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Cubelets: On the road with the Toronto International Film Festival

The Toronto International Film Festival (TIFF), a “charitable cultural organization with a mission to transform the way people see the world through film”, hosts one of the largest publicly-attended festivals in the world, attracting nearly half a million visitors worldwide. During the TIFF Kids International Film Festival, TIFF hosts digiPlaySpace, a children’s exhibition showcasing digital interactive installations created by international artists and developers with new works introduced each year.

Cubelets at Eureka! exhibit at the National Children's Museum (Jonathan Pow/jp@jonathanpow.com, image provided courtesy of TIFF)
Cubelets at Eureka! exhibit at the National Children’s Museum (Jonathan Pow/jp@jonathanpow.com, image provided courtesy of TIFF)

Cubelets were first introduced at TIFF in 2013 and later became part of the touring exhibition. “digiPlaySpace has proven to be wildly popular with visitors around the world, and Cubelets have been an integral part of that popularity,” says Suzan Sabir, the senior project manager who oversees the digiPlaySpace traveling exhibit program at TIFF. “I believe that part of this appeal is that visitors are able to create a simple robot easily and quickly – instant gratification – and then they can move on to more complex robots with additional experience.”

“The exhibition at TIFF proved so successful in its first two years that we decided to create a touring version in 2015 and selected…only the most versatile, fun, and popular exhibitions to be part of the tour,” Suzan tells us. “We are constantly adding new installations to the touring programme so that we can provide our audiences with new and exciting experiences.”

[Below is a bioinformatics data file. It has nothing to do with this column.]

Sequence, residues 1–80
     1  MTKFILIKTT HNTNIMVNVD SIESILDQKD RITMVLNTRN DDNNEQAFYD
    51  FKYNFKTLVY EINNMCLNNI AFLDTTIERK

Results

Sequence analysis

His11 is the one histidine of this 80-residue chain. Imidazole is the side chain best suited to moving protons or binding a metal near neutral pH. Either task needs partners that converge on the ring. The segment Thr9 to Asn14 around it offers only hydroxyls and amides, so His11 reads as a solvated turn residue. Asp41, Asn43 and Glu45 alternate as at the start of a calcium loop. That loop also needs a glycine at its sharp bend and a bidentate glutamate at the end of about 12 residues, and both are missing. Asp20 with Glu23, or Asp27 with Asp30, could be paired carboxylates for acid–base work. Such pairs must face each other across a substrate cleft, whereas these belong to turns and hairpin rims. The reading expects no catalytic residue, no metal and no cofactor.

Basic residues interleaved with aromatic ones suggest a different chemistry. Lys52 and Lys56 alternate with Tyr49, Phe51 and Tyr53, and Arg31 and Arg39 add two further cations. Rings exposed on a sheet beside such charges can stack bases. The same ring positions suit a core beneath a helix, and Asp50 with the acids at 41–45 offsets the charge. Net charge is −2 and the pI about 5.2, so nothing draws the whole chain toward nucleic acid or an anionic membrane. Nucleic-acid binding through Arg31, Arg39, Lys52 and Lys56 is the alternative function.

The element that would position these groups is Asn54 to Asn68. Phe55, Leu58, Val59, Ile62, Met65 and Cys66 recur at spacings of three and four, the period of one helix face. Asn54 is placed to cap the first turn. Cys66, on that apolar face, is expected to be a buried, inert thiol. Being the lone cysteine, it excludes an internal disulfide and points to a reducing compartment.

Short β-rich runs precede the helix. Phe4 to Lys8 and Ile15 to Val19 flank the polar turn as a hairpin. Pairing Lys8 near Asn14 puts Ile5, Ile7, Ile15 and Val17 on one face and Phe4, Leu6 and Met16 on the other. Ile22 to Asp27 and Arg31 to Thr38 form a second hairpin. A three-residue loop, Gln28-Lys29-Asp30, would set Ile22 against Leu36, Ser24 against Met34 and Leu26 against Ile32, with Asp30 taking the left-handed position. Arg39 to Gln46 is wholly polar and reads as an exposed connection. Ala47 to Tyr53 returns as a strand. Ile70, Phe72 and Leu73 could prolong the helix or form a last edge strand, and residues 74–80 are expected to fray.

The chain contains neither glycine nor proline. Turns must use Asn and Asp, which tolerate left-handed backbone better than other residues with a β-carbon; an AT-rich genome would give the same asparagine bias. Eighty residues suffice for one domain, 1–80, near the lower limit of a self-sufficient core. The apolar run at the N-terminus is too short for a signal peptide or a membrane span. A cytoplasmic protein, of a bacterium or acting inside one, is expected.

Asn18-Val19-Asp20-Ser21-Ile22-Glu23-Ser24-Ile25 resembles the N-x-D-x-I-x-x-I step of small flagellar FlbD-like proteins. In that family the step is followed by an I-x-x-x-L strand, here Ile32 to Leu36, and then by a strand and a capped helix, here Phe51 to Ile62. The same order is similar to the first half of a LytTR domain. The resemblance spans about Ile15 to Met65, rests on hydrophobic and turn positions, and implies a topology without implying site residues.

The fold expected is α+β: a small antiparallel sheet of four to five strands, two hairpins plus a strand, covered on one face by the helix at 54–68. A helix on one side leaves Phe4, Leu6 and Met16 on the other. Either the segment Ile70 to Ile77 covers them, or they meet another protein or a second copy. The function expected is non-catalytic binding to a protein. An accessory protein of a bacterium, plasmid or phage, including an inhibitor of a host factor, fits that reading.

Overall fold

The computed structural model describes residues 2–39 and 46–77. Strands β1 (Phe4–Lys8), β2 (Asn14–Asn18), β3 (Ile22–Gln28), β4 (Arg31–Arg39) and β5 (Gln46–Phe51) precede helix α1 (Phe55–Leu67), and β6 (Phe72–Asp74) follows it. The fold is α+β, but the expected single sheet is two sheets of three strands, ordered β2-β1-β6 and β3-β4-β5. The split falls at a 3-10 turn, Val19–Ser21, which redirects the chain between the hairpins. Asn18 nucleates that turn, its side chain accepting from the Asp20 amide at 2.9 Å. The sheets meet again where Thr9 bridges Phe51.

In the traveling exhibit, Cubelets are utilized in both the full-time installation and the pop-up installations that are brought out for special events or programs. The touring exhibition, which has included Cubelets in every installation,  has been to eight museums in the United States, Canada, China, and the United Kingdom.

Cubelets at the Chinese Museum of Women and Children in Beijing. (Image provided courtesy of TIFF)
Cubelets at the Chinese Museum of Women and Children in Beijing. (Image provided courtesy of TIFF)

Suzan finds that Cubelets are an innovative way to convey concepts such as logic, creativity, and programming, and that they have universal appeal among the variety of audiences that interact with the digiPlaySpace. For exhibit visitors, Suzan has seen just what a captivating experience Cubelets are, one that grows and develops the more they spend time with Cubelets.

Thinking of adding Cubelets to your own museum or exhibit? Suzan has some advice for museum educators who are just starting out with Cubelets. First, you’ll want to determine whether Cubelets are part of a larger program or exhibit or if they will be standalone. Make sure to provide activities for all ages and skill levels as children will return to the exhibit again and again to use Cubelets. Finally, provide a full assortment of cube functions so that kids fully understand how the Cubelets work to create their robots. She also suggests providing 10 to 12 Cubelets per visitor.

And, she adds, “Train your facilitators well with all of the great resources that Modular Robotics makes available for educators.” Many resources for educators can be found on our website, such as 50+ free lesson plans, the Getting Started Guide, and new activity cards that are perfect for any exhibit or Makerspace!

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